LOL - well done.

Good luck to your daughter applying in the midst of the "higher education bubble" (according to Instapundit).

October 25, 2010 11:15 AM  
Blogger Harry Eagar said...

Two great talents? I want to hear Jerry Springer and Brett Favre.

I suggest, seriously, that she put N/A under several of those questions.

For what it's worth, I think the college application and acceptance system is seriously screwed up. Those questions express some of it, but there are other problems as well.

And it isn't recent. When my daughter was looking 25 years ago, one of her top two choices was Northwestern. Northwestern had 9,000 applications for 1,800 openings that year.

My daughter was a National Merit Scholar, valedictorian (if you eliminated the home ec majors who had GPAs of 4.8 on a scale of 4.0), and did not get so much as letter back from Northwestern.

Somehow I doubt that there were 7,201 other National Merit Scholar/valedictorians applying that year ahead of her.

October 25, 2010 11:34 AM  
Blogger Hey Skipper said...


I think the essay questions are a consequence of limits on affirmative action.


Thread winner.


If my experience is any guide, getting a decade older is not going to make a dent on those exam anxiety dreams.


How about Tiger Woods and Brett Favre?

Maybe this admissions thing is, in part, an accident of timing. Perhaps in the last 25 years colleges are competing harder for women.

My daughter just missed by a whisker being a Nat'l Merit Scholar, and she is getting come hither letters from every prestigious university in the country. Since I told her I wasn't going any further than one airline flight to kill spiders, that put the Ivies out of reach. Thank goodness.

I think there is something of a higher-ed bubble, but it depends on the major.

I doubt any degree in hard engineering is ever going out of fashion.

My daughter is aiming at pharmacy, which looks like being a good return on investment.

October 25, 2010 7:44 PM  
Blogger Harry Eagar said...

Well, I don't think it has pharmacy, but let me put in a plug for Cal Tech.

A friend of mine was the alumni association president, and the girl:boy ratio there is 1:2. The school considers that if it cannot get close to 1:1, it will not be able to recruit top boys, either, and will go extinct.


They are looking for more than a few good girls.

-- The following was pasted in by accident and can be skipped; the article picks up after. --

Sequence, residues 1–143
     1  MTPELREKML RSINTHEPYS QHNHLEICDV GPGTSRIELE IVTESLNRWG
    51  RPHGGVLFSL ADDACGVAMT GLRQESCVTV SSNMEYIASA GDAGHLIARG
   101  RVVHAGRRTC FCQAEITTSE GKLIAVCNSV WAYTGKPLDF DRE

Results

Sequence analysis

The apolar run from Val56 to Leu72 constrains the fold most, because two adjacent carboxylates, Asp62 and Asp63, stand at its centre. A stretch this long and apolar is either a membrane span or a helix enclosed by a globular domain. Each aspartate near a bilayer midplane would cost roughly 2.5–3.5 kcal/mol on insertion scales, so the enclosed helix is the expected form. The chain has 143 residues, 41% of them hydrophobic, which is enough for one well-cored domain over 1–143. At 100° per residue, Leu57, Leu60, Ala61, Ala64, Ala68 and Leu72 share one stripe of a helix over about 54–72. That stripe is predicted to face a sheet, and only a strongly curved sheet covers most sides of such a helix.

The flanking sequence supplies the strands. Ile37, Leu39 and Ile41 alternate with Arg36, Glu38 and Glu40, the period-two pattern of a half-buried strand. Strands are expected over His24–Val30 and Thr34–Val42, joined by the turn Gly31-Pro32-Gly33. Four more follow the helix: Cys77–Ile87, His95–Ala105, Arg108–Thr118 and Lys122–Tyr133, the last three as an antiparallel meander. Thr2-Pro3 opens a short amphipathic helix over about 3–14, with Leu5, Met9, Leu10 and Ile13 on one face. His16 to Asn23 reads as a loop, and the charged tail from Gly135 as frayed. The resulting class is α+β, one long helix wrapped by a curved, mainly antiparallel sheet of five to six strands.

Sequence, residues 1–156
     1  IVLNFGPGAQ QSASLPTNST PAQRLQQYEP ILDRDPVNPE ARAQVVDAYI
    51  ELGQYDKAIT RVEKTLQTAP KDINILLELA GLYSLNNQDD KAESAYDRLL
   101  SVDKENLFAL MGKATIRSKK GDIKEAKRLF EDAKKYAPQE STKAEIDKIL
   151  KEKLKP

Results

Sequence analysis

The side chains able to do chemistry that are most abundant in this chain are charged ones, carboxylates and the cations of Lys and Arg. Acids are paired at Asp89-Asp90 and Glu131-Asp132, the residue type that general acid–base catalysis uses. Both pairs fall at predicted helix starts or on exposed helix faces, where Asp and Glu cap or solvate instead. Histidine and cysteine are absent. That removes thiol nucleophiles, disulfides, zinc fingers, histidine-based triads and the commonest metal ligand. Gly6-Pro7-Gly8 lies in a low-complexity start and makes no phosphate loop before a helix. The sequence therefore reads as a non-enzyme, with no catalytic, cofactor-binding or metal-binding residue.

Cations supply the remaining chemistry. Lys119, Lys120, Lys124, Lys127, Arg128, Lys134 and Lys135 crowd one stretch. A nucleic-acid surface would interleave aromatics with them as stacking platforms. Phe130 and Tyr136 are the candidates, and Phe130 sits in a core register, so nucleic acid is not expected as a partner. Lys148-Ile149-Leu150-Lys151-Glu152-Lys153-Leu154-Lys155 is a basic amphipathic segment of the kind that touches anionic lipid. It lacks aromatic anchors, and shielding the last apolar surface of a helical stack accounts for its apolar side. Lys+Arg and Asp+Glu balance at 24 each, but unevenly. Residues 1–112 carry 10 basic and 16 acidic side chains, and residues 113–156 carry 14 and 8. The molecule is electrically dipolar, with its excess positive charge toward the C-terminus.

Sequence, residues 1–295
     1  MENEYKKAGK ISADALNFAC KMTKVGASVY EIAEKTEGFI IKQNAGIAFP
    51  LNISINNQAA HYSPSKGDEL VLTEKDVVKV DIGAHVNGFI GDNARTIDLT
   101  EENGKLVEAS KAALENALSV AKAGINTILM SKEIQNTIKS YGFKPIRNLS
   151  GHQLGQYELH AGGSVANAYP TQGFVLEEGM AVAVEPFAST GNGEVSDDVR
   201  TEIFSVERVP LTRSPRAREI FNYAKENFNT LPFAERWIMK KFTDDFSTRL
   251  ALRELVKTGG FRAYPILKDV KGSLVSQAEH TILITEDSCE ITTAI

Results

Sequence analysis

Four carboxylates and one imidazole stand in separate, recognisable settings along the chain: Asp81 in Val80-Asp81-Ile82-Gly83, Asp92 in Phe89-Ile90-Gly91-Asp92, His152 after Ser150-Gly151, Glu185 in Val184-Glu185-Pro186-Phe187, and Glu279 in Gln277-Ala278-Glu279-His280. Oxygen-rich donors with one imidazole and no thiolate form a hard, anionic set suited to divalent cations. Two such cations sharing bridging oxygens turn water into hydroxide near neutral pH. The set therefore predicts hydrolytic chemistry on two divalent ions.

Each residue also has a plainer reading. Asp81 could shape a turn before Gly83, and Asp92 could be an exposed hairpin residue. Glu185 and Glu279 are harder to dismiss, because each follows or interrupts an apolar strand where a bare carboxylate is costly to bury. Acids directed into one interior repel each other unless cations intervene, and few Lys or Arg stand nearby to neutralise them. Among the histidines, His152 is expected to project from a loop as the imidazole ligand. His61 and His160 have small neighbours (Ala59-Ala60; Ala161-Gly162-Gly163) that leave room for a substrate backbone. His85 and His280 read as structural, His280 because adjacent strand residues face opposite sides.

October 26, 2010 11:31 AM  
Blogger David said...

Actually, Lou hasn't commented in a couple of months. I'm worried about him.

October 27, 2010 7:23 AM  
Blogger erp said...

I'm worried about Lou too David. I sent him an email, but it went unanswered.

Anyway I don't think it would be much of debate between Lou and Orrin what with Lou alternately speaking Latin and German and Orrin's unseemly repetition of the latest leftwing cant, the audience would soon lose interest.

October 27, 2010 8:00 AM  
Blogger Hey Skipper said...

As it happens, she did a great job with the feel-good-about-yourself question.

Despite being terrified of needles, she decided to donate during a blood drive at school.

None of her friends were there, TOSWIPIAW was at work, and I was on a trip.

She went through with it.

Given the depth of her fear, that was both true courage and a bona fide act of altruism.

October 27, 2010 9:22 AM  
Blogger Peter said...

Describe the most significant challenge you have faced and the steps you have taken to address this challenge. Include whether you turned to anyone in facing the challenge, the role the person played, and what you learned about yourself.

"My most significant challenge was overcoming your annual rejection of my applications for admission on the sexist/racist/homophobic grounds that my marks were too low. To face this challenge, I turned to my dad and secured his pledge (in writing--you have to watch dad carefully) to bequeath half his estate to your endowment fund. From this I learned that, although I had long seen myself as a progressive liberal, I was subconsciously actually a libertarian."

Seriously, this is funny-scary. Son number one has always wanted to be a cop. He graduated with high marks from the police course and picked up a lot of good experience along the way (i.e. army reserve, triathlon champ, security work, etc.) Although hardly unbiased, I thought he was a model candidate in terms of his integrity, people skills and desire to help others. He applied for a series of positions on several forces and was put through a mind-bogglingly complex series of interviews by human resource types. Although he did well initially, he repeatedly ran into trouble with the "psychological" tests, which seemed to consist of a lot of questions like your daughter is addressing, and he became increasingly down and confused about it. He was never formally rejected, just passed over and invited to try again the following year. Confident he was neither a crook nor a psychopath, I encouraged him to try to find out why he was having trouble so he could address it, but despite lots of contacts in the forces (who were rooting for him and even standing as references), and despite requests to discuss it with the human resource types, no one could or would tell him why. It was like he was in therapy with a shrink who believed the key to successful treatment was never telling the patient what was wrong with him.

It all ended well and he is now with our provincial police, but what kids have to go through to get a job or college acceptance these days would chill Kafka.

October 28, 2010 6:35 AM  
Blogger Hey Skipper said...


I am nothing more than a glorified heavy equipment operator.

Part of my interview process at FedEx included discerning valid from invalid syllogisms.

No one knew then, or knows now, whether a high score is a good thing, or bad.

October 30, 2010 9:50 PM  
Blogger Peter said...

Skipper, I have to confess I would die a fulfilled man if I knew my good friend from Alaska got the job that let him live out his dreams because he blew the quesion on what recursive systems are. :-)

November 01, 2010 10:41 AM